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Business News/ Money / Personal Finance/  Here’s why there is a rising interest in Shariah funds
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Here’s why there is a rising interest in Shariah funds

These funds primarily cater to investors who abide by Shariah laws, which lay out the guidelines on sectors and companies that are Shariah-compliant.

Shariah-compliant funds have been present in asset management through mutual funds (MF) and portfolio management services (PMS) in India. (Photo: istock)Premium
Shariah-compliant funds have been present in asset management through mutual funds (MF) and portfolio management services (PMS) in India. (Photo: istock)

Shariah-compliant funds have been present in asset management through mutual funds (MF) and portfolio management services (PMS) in India. These funds primarily cater to investors who abide by Shariah laws, which lay out the guidelines on sectors and companies that are Shariah-compliant. The Islamic community had refrained from investing in the equity markets primarily because the income earned would not be halal (permissible). An investment may not be considered Shariah-compliant if it fails to meet the requirements of Shariah laws.

However, with increasing awareness among experts from the community and fund houses, this trend has been changing, and more and more investors have gradually started participating in the market. One can invest in these funds through the PMS or MF route. The rules and norms for Shariah-compliant investing in the stock market are divided into the following three sections:

(i) Business and industry screening parameters for Shariah-compliant companies; (ii) Financial screening parameters for Shariah-compliant companies; and (iii) Purging of impure (interest) income for investment in Shariah-compliant companies.

 

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Companies involved in the business of alcohol, tobacco, gambling, gold and silver trading, banking and financials, pork and non-vegetarian, advertising, media and entertainment are excluded. These industries may not fall within the parameters of ethical investing for some communities and would not be suitable investments for observant community investors. Some basic financial screening parameters that are carried out to filter stocks in addition to the sectors mentioned above are: a) Total debt to total assets of the company should be less than or equal to 25%; b) Total interest income to total assets of the company should be less than or equal to 3%; c) Receivables and cash balances to total assets of the company should be less than 90%.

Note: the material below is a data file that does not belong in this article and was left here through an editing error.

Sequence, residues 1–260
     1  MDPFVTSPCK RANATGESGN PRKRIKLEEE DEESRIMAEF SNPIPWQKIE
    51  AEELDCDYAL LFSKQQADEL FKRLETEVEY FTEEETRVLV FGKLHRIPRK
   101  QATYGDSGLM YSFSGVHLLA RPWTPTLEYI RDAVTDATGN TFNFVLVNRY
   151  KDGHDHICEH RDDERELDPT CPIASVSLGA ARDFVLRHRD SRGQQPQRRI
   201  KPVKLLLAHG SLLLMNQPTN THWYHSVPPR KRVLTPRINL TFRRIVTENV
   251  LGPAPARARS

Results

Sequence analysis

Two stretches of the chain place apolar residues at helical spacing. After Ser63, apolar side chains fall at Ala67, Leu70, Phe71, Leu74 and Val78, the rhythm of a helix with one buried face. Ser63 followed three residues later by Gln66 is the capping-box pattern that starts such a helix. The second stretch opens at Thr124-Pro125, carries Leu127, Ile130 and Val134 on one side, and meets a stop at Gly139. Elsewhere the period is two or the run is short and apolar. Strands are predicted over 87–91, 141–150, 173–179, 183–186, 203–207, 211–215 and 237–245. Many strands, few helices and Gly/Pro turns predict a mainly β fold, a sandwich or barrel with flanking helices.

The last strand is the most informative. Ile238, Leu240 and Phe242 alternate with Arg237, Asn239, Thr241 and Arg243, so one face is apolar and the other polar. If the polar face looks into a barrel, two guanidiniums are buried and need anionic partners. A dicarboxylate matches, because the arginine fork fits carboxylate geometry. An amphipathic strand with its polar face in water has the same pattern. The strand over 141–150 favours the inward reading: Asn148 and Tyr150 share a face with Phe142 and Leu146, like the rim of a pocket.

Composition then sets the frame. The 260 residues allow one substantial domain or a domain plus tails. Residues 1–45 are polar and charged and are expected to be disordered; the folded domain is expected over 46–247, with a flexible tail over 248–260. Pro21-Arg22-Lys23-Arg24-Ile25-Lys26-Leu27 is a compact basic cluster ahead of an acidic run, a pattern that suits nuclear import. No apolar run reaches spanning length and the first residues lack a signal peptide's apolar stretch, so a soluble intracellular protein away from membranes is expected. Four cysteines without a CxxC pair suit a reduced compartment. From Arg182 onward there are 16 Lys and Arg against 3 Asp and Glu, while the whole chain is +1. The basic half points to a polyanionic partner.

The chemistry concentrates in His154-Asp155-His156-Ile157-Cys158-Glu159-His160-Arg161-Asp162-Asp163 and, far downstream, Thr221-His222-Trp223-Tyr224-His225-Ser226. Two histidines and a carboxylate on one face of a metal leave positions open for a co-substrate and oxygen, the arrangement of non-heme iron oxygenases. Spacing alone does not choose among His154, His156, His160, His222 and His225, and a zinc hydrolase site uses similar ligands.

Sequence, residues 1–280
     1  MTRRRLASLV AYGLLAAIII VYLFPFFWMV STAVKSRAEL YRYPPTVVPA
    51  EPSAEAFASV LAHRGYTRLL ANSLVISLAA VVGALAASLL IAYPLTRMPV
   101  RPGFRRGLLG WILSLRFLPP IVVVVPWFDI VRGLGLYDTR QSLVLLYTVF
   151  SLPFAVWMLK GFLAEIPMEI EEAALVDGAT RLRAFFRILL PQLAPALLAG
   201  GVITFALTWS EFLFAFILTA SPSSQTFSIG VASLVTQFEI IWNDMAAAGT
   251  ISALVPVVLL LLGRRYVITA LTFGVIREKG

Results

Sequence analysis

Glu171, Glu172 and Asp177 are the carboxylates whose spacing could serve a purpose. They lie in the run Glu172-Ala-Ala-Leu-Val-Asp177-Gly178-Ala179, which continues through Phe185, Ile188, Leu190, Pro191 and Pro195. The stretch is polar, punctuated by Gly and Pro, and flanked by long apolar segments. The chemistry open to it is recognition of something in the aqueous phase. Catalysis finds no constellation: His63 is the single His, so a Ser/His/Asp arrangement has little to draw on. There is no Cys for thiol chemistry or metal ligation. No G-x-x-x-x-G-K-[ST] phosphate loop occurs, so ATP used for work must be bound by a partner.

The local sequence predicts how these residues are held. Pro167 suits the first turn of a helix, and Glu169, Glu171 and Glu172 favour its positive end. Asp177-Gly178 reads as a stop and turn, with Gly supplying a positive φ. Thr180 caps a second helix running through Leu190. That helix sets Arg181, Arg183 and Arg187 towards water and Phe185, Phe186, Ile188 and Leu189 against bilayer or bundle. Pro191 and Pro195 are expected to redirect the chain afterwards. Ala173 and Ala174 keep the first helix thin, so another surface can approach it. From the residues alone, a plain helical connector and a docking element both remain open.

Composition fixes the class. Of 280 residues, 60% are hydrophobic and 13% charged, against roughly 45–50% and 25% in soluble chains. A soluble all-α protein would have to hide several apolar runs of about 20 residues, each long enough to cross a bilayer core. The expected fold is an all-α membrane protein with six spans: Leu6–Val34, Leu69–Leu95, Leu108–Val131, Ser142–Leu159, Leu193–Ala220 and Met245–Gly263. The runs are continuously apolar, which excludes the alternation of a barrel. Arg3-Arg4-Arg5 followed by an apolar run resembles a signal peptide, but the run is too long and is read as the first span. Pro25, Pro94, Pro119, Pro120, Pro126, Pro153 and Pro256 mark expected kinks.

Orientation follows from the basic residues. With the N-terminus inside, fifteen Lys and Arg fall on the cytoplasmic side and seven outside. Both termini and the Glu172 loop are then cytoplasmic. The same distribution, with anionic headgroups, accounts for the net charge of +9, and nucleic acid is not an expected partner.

Therefore, there will be instances where companies are operating in Shariah-compliant industries but do not meet the requirements, according to the financial screening parameters.

A very small section of the Jain community also maintains strict parameters when it comes to investing in sinful industries, and this fund selectively caters to their needs as well.

Fund houses seek the services of advisory from Shariah Scholars for a list of Shariah-compliant stocks to invest in, and then handpick stocks from the list.This service of availing Shariah advisory by asset managers is availed through reputed organizations. Whenever a stock fails to comply with Shariah standards , fund houses sell the stock from clients’ accounts.

The example below illustrates a simple screening process by fund houses, to curate portfolios as per their fund management styles: a) Out of the listed stocks on Indian exchanges, Shariah-compliant stocks are picked as per various parameters; and b) Based on this, they follow their own portfolio management style to pick stocks.

Shariah Funds are benchmarked against the NiftyShariah 500 Index, which is heavily inclined towards companies from information technology, fast-moving consumer goods, consumer durables, healthcare, and automobile industries. Therefore, the index composition would look different from that of NSE 500.

Similarly, certain asset managers offer exchange traded funds based on the Nifty50 Shariah Index, for retail investors. As of 26 May, the NiftyShariah 500 outperformed the Nifty50 and Nifty 500 over a 10-year period, considering point-to-point returns.

Further awareness about these funds, and a shift in mindset could make this an attractive market for those investors who have been staying away from the equity markets.

Ankush Datar is associate vice president- PMS at Phillip Capital India.

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Published: 31 May 2023, 10:41 PM IST
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